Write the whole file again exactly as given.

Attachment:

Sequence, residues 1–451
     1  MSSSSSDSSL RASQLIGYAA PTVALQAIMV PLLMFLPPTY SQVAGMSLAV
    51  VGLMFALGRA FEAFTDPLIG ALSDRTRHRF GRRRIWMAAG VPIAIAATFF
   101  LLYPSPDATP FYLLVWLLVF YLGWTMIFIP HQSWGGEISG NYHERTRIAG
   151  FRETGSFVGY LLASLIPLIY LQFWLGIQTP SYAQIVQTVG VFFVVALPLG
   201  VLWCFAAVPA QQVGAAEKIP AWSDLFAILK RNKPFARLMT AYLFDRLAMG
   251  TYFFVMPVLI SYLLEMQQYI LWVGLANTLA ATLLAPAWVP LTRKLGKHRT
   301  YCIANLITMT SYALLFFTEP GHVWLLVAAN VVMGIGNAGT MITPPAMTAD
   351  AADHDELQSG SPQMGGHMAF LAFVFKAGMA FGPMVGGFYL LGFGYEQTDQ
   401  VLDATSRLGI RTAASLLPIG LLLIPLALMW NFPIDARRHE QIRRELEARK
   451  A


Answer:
Sequence, residues 1–451
     1  MSSSSSDSSL RASQLIGYAA PTVALQAIMV PLLMFLPPTY SQVAGMSLAV
    51  VGLMFALGRA FEAFTDPLIG ALSDRTRHRF GRRRIWMAAG VPIAIAATFF
   101  LLYPSPDATP FYLLVWLLVF YLGWTMIFIP HQSWGGEISG NYHERTRIAG
   151  FRETGSFVGY LLASLIPLIY LQFWLGIQTP SYAQIVQTVG VFFVVALPLG
   201  VLWCFAAVPA QQVGAAEKIP AWSDLFAILK RNKPFARLMT AYLFDRLAMG
   251  TYFFVMPVLI SYLLEMQQYI LWVGLANTLA ATLLAPAWVP LTRKLGKHRT
   301  YCIANLITMT SYALLFFTEP GHVWLLVAAN VVMGIGNAGT MITPPAMTAD
   351  AADHDELQSG SPQMGGHMAF LAFVFKAGMA FGPMVGGFYL LGFGYEQTDQ
   401  VLDATSRLGI RTAASLLPIG LLLIPLALMW NFPIDARRHE QIRRELEARK
   451  A